EA's newly appointed CEO Andrew Wilson is content that EA is not a bad company, but that doesn't mean that he'll dismiss the fact that it was voted as the "Worst Company in America" for the last two years in a row.
"There are lots of really big public companies that make a lot of money that are loved by their consumers," he acknowledged. "That's because the consumers feel like they get value from that company in the investment in their dollars [and] time."
To that end, Wilson believes that EA customers should always feel that they are getting the better end of the deal. "Any time we create something, if you're asking for an investment from the consumer in dollars and time, make sure they feel like they're stealing from you and that they are getting the best end of that deal and the rest will follow. And that will be our philosophy," he explained.
EA Games label vice president Patrick Soderlund also admitted that the "Worst Company in America" vote gave them a pause to think about what it means and how it could be reversed.
"We started thinking about how we don't want to be viewed as the worst company in America. I personally don't think we've ever been the worst company in America, but it says something. The consumers out there are telling us something. And we actually took it very seriously," he said.
"This was before Andrew was the CEO. We and [EA chief operating officer] Peter Moore and a couple of other guys in the executive company got together to try to understand what caused people to say these things. And there were some things out there that...consumers told us they didn't like. Online pass was one thing."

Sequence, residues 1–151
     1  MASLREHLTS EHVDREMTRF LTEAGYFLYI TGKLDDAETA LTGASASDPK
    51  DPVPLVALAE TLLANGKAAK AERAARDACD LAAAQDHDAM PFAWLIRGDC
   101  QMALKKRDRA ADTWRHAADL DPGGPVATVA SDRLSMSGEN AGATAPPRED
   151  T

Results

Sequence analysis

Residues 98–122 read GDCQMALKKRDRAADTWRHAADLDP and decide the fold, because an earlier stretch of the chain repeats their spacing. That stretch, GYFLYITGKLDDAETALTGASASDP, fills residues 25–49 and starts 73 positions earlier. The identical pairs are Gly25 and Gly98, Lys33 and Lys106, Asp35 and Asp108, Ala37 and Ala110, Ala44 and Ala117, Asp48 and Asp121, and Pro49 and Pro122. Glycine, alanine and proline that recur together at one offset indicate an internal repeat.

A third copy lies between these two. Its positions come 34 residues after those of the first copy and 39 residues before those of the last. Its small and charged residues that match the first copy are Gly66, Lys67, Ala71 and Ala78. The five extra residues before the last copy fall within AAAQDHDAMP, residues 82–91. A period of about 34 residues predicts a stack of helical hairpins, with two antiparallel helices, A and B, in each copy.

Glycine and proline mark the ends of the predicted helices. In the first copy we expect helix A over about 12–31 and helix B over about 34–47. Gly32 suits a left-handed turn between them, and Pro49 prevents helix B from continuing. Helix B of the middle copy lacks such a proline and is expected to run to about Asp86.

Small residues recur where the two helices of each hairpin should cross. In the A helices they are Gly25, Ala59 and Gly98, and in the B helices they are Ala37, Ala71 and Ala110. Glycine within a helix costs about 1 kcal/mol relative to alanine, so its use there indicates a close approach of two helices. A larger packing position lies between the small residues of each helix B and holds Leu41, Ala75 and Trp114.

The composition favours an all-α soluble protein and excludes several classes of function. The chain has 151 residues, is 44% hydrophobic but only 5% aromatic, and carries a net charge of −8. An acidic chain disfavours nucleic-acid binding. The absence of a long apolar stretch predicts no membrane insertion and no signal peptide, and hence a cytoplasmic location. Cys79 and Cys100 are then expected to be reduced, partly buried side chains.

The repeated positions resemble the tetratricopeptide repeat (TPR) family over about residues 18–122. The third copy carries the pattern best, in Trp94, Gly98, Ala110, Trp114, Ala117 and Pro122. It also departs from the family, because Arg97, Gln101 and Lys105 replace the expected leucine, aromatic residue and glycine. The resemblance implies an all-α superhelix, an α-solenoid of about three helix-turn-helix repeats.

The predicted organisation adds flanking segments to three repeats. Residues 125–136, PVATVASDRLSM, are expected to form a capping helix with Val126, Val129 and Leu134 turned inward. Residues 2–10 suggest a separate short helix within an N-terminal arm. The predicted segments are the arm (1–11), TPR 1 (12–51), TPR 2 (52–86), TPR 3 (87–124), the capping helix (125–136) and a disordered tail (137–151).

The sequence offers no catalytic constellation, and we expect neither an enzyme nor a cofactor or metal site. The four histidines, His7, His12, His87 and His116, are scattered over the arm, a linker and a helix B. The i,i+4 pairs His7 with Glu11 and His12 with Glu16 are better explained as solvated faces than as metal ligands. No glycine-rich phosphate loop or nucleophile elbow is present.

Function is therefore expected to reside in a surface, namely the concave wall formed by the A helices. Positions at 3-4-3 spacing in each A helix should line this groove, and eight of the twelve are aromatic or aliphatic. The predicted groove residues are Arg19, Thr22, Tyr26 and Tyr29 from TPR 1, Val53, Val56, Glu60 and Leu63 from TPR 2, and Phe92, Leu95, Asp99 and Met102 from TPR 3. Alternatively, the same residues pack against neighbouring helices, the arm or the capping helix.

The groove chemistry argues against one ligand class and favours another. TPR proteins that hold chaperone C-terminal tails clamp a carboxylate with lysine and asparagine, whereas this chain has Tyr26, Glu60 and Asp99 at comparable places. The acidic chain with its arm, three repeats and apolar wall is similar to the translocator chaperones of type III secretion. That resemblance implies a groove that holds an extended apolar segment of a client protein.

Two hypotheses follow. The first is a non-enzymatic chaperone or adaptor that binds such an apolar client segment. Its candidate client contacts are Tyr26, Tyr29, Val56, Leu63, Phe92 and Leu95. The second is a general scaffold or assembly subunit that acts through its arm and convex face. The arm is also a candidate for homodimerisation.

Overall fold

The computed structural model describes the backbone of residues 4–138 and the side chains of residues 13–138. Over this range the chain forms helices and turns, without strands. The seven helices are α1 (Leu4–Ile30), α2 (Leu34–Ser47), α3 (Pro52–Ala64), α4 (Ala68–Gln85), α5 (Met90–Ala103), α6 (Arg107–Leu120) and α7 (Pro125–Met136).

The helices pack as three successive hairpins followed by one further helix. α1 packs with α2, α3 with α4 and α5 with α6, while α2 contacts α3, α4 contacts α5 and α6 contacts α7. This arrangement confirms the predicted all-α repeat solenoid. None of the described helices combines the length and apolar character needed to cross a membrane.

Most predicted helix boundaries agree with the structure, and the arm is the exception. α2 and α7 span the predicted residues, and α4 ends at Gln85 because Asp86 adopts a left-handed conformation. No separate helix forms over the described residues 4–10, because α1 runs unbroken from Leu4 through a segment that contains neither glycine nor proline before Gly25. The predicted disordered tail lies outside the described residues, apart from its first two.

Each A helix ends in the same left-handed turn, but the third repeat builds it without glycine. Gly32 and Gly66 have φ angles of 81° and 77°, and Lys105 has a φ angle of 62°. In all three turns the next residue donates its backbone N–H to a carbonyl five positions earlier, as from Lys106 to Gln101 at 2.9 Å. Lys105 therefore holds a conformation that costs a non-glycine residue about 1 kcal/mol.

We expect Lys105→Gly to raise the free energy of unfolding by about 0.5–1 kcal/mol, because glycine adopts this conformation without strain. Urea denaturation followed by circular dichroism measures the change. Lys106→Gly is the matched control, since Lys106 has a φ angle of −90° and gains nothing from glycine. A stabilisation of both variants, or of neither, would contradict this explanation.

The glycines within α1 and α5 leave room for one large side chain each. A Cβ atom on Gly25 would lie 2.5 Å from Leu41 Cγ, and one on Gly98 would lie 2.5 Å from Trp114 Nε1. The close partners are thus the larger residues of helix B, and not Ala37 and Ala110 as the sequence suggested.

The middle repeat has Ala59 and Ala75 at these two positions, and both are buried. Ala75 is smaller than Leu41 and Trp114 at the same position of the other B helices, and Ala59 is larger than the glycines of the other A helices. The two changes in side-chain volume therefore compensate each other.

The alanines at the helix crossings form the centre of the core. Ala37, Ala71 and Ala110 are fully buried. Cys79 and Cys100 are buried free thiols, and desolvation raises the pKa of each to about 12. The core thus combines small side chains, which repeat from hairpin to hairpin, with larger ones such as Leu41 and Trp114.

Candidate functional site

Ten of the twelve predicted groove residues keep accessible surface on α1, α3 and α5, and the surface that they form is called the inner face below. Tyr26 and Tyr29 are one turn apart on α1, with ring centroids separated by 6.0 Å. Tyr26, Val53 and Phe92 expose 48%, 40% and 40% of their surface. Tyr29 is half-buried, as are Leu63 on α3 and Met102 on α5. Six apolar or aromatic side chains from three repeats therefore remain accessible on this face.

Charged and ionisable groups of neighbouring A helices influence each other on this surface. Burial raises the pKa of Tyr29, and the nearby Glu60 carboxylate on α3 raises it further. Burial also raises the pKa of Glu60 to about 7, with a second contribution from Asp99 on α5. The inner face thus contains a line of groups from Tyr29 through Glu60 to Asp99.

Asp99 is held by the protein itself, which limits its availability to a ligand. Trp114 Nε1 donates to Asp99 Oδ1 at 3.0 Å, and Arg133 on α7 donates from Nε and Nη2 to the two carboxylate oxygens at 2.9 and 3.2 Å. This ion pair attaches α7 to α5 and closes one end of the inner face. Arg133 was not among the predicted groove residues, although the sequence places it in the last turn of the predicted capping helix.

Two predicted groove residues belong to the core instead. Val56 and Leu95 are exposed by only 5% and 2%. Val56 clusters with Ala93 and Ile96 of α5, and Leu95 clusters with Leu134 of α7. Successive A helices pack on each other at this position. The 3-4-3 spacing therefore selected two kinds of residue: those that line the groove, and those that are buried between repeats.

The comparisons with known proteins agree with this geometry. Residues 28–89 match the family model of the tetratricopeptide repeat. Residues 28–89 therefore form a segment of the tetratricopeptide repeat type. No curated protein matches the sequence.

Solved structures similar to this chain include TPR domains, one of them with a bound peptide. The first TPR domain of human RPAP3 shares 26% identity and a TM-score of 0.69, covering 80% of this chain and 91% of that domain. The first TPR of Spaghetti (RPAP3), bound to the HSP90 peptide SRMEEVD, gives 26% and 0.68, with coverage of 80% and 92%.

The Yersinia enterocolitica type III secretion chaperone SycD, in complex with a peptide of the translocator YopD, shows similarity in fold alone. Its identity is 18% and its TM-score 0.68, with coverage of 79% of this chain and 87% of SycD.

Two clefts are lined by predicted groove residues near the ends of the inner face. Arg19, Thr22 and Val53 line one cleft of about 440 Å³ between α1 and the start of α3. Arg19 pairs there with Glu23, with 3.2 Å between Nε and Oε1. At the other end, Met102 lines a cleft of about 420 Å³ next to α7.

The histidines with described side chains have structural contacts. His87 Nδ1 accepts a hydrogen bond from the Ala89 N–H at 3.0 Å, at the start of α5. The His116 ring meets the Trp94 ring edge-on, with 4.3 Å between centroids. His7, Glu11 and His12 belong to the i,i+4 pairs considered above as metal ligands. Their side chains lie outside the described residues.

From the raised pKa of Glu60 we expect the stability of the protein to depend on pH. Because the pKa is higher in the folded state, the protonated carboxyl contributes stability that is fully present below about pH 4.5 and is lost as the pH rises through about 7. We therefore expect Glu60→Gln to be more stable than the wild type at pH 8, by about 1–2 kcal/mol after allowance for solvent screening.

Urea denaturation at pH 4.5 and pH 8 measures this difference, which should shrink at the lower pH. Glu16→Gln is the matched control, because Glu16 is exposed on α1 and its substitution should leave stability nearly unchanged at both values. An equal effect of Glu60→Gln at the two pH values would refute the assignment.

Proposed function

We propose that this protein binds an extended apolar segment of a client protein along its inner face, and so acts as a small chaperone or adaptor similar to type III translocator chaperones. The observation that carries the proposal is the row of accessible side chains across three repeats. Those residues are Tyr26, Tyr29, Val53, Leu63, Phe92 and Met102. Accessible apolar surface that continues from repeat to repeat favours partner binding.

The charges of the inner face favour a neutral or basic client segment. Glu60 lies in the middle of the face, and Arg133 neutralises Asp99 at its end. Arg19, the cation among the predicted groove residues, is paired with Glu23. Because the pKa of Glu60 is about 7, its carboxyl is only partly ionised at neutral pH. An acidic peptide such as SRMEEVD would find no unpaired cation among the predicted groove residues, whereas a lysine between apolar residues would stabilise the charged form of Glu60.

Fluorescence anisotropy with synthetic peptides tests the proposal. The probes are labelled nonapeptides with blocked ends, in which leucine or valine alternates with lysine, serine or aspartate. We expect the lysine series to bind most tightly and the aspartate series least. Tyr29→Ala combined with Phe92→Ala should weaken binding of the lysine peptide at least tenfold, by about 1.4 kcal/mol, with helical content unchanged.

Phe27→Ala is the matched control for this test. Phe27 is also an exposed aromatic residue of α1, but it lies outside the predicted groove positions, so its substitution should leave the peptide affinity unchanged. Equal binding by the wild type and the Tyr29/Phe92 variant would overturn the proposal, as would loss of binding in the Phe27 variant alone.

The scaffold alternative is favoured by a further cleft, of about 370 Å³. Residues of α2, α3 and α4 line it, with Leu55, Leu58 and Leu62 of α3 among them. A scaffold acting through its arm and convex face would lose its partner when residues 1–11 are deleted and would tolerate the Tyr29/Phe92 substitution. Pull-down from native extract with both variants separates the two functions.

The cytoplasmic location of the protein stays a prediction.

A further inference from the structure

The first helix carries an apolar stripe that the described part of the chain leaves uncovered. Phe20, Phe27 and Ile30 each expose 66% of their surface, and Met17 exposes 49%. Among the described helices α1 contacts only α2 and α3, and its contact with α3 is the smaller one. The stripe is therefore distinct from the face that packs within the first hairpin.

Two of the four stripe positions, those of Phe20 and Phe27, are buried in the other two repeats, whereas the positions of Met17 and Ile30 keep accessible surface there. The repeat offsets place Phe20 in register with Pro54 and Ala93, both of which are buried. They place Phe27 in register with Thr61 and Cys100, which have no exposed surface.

After in depth investigation, the company found a radical solution: make better games. Of course, that was easier said than done.
"The demand and expectation on us are higher than they ever have been," noted Wilson. "We need a mechanism and a process which we can get to better games more quickly. If we can be faulted for anything, over the years, it's kind of hanging on to ideas or concepts of games too long, driving too hard against them, spending too much to the point that we couldn't invest in other opportunities and ideas. And a big part of what Patrick and [fellow top execs] Frank [Gibeau] and Lucy [Bradshaw] and I committed to is let's drive a culture of innovation inside the company that actually starts a lot more stuff but at the same time kills a bunch more stuff before it gets to market so that we can give ourselves more short-term goals to get to that next innovative product."